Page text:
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The Last Smoker In America: The Journey to the Stage

The Last Smoker In America: The Journey to the Stage

One of my longtime friends always swore she would be the last smoker in America. And I guess that was in the back of my mind as a potential title.

Then, composer Peter Melnick reached out to me about collaborating. We have the same agent and Peter had asked him about lyricists. I didn’t feel the project Peter was initially suggesting was a good fit for me. But then he asked if I might be interested in writing a one-act musical to go with two others which were already written. That sounded like a good way to explore a new collaboration.

Cigarette smokers were under attack from all quarters. I’ve always been attracted to outsiders, having grown up gay in cowboy country – the Black Hills of South Dakota. In New York City where I’ve lived for many years, I would pass office buildings in the winter and see smokers huddled in a corner feeding their habit. Though I’d come to hate cigarette smoke, having quit decades earlier, I always felt sorry for those huddled mini-masses.

Peter and I were also both fans of South Park. I’d been wondering if that kind of brash, in-your-face comedy could work on stage since it was proving successful in other media. We had no idea that Matt Stone and Trey Parker had started writing The Book of Mormon around the same time. Musicals can take seeming eons and both our shows evolved, apparently simultaneously, over an eight-year period.

We wrote our one-act fairly quickly. Set in the near future, it started with Pam returning home after a year on the lam for smoking a cigarette. Her husband Ernie, an unemployed wanna-be rocker having a mid-life crisis and their son Jimmy, who is so obsessed with rap music he thinks he’s black, hardly provide the warm welcome Pam was hoping for.

Those three characters were conceived in part because of the casting requirements for the other two one-acts The Last Smoker in America was originally meant to be presented with. One of them featured a teenage boy in boarding school, his father and his new step-mother. Since the same actors would be playing those characters, it made sense to write more material for them in Last Smoker.

Peter was so happy with how the one-act version of Last Smoker turned out that he asked if I would take a look at the other two one-acts. We ended up completely rewriting both of them, and then the Rubicon in Ventura, California offered to present all three in a reading series. It was structured so that professional actors were hired for ten days to first do an initial public reading for anyone who wanted to attend. Then, based on audience feedback, the authors could rewrite and present them again in another reading a week later. During that week of revisions, we added the fourth and final character to Last Smoker – Phyllis, a nosy, cigarette-hating neighbor.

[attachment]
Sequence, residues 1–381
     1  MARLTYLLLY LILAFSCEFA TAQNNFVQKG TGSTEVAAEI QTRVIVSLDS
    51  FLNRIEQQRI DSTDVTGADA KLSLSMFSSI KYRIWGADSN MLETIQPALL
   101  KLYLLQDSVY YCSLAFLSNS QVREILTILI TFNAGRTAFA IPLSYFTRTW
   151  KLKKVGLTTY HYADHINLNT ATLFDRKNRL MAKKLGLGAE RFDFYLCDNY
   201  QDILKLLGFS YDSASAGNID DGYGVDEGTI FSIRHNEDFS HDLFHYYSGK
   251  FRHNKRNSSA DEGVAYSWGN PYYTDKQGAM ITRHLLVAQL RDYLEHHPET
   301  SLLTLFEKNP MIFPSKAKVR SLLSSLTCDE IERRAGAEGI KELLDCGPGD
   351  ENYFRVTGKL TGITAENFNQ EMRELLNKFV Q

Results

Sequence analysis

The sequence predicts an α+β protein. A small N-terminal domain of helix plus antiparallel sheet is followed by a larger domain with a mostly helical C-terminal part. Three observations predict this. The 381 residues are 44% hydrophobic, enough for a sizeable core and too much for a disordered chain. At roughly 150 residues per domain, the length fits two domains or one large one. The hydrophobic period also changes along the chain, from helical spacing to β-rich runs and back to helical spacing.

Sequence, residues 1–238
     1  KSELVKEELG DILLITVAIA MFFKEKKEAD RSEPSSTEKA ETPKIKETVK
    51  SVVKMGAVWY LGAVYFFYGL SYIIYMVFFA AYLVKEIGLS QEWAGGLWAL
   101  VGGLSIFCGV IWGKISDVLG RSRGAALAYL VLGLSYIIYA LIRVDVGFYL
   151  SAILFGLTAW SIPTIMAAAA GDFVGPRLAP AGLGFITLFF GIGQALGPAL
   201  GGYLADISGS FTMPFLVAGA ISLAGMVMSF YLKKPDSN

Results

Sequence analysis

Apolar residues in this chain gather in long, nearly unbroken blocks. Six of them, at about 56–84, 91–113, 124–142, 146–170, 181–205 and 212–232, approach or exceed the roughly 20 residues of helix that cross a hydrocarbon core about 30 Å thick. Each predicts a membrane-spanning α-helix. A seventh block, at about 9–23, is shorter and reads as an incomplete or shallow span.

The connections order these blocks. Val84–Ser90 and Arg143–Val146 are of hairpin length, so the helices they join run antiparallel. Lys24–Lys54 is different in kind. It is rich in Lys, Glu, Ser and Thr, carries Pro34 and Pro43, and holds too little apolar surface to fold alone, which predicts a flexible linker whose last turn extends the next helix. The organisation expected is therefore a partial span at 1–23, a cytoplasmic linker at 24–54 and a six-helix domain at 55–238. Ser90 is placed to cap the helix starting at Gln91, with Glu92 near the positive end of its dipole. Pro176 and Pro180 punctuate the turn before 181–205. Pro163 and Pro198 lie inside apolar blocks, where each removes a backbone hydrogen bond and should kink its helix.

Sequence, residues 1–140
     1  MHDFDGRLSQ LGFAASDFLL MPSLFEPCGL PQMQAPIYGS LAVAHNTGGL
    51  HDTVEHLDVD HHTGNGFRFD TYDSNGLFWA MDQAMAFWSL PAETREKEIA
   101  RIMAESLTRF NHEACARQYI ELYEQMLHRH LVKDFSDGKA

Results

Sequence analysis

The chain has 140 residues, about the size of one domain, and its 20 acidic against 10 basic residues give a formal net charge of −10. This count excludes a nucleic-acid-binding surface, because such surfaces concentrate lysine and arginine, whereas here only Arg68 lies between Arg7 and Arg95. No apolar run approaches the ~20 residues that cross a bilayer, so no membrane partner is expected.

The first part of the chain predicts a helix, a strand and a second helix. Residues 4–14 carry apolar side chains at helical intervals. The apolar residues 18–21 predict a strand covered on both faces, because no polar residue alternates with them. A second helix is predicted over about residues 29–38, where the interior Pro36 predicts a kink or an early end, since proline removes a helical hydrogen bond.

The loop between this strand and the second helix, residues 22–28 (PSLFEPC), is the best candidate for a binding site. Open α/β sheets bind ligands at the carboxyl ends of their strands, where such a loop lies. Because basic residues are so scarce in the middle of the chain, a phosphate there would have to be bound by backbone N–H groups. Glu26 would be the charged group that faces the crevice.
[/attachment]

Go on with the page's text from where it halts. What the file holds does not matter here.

The audience's comments after the readings were pretty consistent. People didn’t feel the three pieces worked together – and they were right. However, they all wanted more of The Last Smoker in America. That inspired us to re-conceive the piece as a full-length musical. The new first act explored how Pam ended up going on the lam.

We developed the show through a series of New York readings over the years. Andy Sandberg, who I met when he directed Side Show his senior year at Yale, came on board as director and producer. And he arranged for the world premiere of the full-length version with CATCO in Columbus, Ohio.

The show was very well-received – though a few audience members stormed out, seemingly offended by the second song “Addicted to the Lord” (later replaced with “Let the Lord Be Your Addiction”), performed by the nosy neighbor Phyllis, who had evolved into an anti-smoking Christian extremist. The walk-outs were not surprising, and we sort of viewed them as a sign we were on the right track for a satire! After all, we were not trying to write a polite comedy.

By the time The Last Smoker in America opened Off-Broadway, we’d streamlined it to a fast 90 minutes – returning to its origins as a one-act, though now a full-length one. And that’s the version currently licensed by Samuel French. (Some productions may elect to include an intermission after “The Last Cigarette”, but we felt it best to play the show straight through.)

Why should you consider doing it? For one thing, it’s a four-character musical with basically one set. Charlie Corcoran, the designer of the original Off-Broadway production, came up with some ingenious ways for the set to be more than the kitchen, but it’s still possible to do the show with a fairly simple physical production.

Though it’s not the right show for every situation, it does provide many opportunities for talented musical comedy performers to show off. And while smoking is no longer as controversial – no one seriously argues it’s good for you – the question of how far the government should go to protect us from our bad habits for our own good is certainly pertinent and always will be. The show also explores addiction and extremism, among other timely concerns.

Let’s face it - the rights to do The Book of Mormon will most likely not be available for some time. So if you’re looking for a show with a similar sensibility and only four characters, you should consider The Last Smoker in America.

The music features a wide variety of styles – from hard rock to rap to gospel and a couple of surprisingly sweet ballads.

Most of all, it’s fun! If you do the show, the performers and audience will have a great time laughing at our crazy culture and enjoying a wide range of music. And can’t we all use more of that these days?

To purchase a copy of The Last Smoker in America, click here, and to learn more about licensing a production, click here.

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